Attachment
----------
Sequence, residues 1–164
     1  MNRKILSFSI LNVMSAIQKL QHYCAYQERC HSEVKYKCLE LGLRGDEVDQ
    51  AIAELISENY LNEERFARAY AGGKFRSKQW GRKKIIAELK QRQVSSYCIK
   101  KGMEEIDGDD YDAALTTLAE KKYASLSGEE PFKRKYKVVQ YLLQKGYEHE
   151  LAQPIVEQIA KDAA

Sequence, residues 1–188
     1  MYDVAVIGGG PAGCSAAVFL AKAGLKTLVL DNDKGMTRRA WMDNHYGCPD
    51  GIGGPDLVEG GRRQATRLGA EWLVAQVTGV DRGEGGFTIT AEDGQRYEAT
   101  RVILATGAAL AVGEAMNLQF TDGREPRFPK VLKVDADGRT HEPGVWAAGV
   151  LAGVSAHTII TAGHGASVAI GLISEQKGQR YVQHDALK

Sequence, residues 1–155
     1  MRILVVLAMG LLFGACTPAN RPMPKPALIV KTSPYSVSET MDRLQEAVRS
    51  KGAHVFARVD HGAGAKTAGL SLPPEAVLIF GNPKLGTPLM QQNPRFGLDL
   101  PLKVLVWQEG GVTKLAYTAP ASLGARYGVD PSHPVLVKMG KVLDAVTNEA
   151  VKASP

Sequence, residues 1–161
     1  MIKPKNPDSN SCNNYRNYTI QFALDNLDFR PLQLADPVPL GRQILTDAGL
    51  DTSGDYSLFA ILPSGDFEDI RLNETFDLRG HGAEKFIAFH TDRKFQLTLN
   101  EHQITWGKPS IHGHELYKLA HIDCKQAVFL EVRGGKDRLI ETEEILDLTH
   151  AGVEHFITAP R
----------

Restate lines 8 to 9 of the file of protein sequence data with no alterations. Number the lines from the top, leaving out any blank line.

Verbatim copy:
    51  GIGGPDLVEG GRRQATRLGA EWLVAQVTGV DRGEGGFTIT AEDGQRYEAT
   101  RVILATGAAL AVGEAMNLQF TDGREPRFPK VLKVDADGRT HEPGVWAAGV